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A couple of weeks ago, I mentioned that I had an inexplicably painful run. This is how I described it:
…by the time we finished our third mile, I was barely able to run at all. We actually had to walk the last couple of blocks. The worst pain was in my calves, but I pretty much hurt everywhere from the waist down. Calves, quads, ankles, even my lower back.
I thought perhaps it had to do with muscle recovery – that I hadn’t allowed enough time for my body to recover from my previous run (the day before). So just to be safe, I decided to start spacing out my runs to every other day – not a huge deal since I usually don’t run every day anyway.
I don’t recall feeling an unusual amount of pain during those every-other-day runs. But remember, I’m not training for anything right now and these were just 3-5 mile maintenance runs. (I have no idea if that’s actually a thing. You know what I mean though, right?)
But then the pain came back. Last Wednesday, I ran a comfortable 3 miles. And I figured that 3 miles was a short enough distance for my body to be able to handle a run the next day.
I was wrong.
I went to the gym on Thursday with a 6 mile (treadmill) goal. But by 2.5 miles, I was in so much pain that I had to stop. It was the same pain as before – from my lower back all the way down to my feet, and especially pronounced in my shins. And when I got home and took my shoes off, I also noticed an ache in my right arch.
If I’m being honest, my right arch has been aching for weeks, but I decided to pretend not to notice.
So, okay. I hadn’t rested in between runs. But the pain just didn’t make sense. I’ve had less pain after a 13+ mile run. Surely someone like me who’s run hundreds of miles in the last 3 years should be able to handle 2 short back-to-back runs.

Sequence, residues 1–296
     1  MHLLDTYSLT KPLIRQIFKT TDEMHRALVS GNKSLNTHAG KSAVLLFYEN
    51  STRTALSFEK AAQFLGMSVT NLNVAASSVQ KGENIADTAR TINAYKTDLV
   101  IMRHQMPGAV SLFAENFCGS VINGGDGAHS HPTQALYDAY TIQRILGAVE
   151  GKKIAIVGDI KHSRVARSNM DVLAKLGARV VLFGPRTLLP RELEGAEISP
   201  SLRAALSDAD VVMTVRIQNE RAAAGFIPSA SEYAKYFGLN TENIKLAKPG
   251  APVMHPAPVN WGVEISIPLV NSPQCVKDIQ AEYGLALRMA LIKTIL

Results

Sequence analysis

But wait. HUNDREDS OF MILES. I’ve run hundreds of miles. Exactly how many hundreds of miles had I run in THESE SHOES???
Despite keeping a fairly detailed running journal, I’d forgotten to write down when I’d gotten my current pair of running shoes. Social media has its benefits though. I was able to find this on Instagram:
I took this photo the day that I bought my Sauconys which, according to Instagram, was 41 weeks ago. Nine months ago. Nine months in the same pair of running shoes, with an average of about 55 miles per month. That works out to about 500 miles.
500 miles in the same pair of running shoes! No wonder I was in pain.
That night, I messaged my friend Bobby – he’s a running coach and is very knowledgeable about the biomechanics of running. He also happens to work at Jacksonville Running Company (love!!!). He agreed to meet me the following morning at the store and to fit me for new shoes.
Bobby was awesome – it was by far the most thorough shoe fitting I’ve ever gotten. And – despite the fact that I’d brought my 9 year old, who was home from school with a stomachache, and who made an obstacle course out of foam rollers and knocked over an entire rack of sports bras – he put me into an awesome pair of Brooks PureCadence 3‘s.
I’m trying them out in the house and on the road right now, and so far so good. I’m also foam rolling my calves (per Bobby’s instructions) 1-2 times a day. It was unbelievably painful the first couple of times, but it seems to be helping. I’ll keep you posted.
Takeaway: Replace your running shoes! Most research suggests that running shoes should be replaced every 300-500 miles. For a 50-ish mile per month runner like myself, that works out to around every 6 months. But more importantly, pay attention to how your shoes feel. If something doesn’t feel right, it’s probably not – and the first thing you should take a look at is your shoes. I need to remember that next time.
So how often do you replace your running shoes? And how do you know it’s time for a new pair?
p.s. If you get the title of this post, you’re totally my new BFF.